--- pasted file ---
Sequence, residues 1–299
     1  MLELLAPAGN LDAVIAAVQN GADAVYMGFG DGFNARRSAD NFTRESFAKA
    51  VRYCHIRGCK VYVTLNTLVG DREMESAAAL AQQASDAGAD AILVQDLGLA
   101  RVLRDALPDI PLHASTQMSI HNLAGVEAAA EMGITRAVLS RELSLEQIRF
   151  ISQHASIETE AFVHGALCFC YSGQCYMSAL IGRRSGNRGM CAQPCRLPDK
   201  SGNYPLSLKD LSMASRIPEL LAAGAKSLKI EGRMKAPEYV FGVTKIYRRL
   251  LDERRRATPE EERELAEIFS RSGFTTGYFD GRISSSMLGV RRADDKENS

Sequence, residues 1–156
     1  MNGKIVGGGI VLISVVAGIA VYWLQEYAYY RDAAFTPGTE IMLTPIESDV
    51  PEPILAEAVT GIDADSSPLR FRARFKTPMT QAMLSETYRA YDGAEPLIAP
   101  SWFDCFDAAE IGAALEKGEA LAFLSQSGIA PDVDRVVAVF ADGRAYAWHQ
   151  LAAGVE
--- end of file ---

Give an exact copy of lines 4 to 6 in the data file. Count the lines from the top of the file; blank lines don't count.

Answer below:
   101  RVLRDALPDI PLHASTQMSI HNLAGVEAAA EMGITRAVLS RELSLEQIRF
   151  ISQHASIETE AFVHGALCFC YSGQCYMSAL IGRRSGNRGM CAQPCRLPDK
   201  SGNYPLSLKD LSMASRIPEL LAAGAKSLKI EGRMKAPEYV FGVTKIYRRL